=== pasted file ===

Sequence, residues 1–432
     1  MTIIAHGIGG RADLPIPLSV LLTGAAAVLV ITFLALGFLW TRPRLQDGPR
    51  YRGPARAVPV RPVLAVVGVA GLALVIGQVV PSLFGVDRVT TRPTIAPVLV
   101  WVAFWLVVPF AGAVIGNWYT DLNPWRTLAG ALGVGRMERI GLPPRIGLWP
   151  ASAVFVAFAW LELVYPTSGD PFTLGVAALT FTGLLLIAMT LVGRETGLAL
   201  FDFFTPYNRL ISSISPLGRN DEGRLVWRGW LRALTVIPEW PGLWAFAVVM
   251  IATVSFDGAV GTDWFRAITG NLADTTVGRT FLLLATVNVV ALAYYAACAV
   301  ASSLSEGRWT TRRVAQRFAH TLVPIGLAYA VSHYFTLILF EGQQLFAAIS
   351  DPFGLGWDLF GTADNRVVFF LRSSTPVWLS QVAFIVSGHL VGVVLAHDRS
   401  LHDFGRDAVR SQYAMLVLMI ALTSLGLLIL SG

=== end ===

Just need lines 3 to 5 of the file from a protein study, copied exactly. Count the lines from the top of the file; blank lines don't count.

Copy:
    51  YRGPARAVPV RPVLAVVGVA GLALVIGQVV PSLFGVDRVT TRPTIAPVLV
   101  WVAFWLVVPF AGAVIGNWYT DLNPWRTLAG ALGVGRMERI GLPPRIGLWP
   151  ASAVFVAFAW LELVYPTSGD PFTLGVAALT FTGLLLIAMT LVGRETGLAL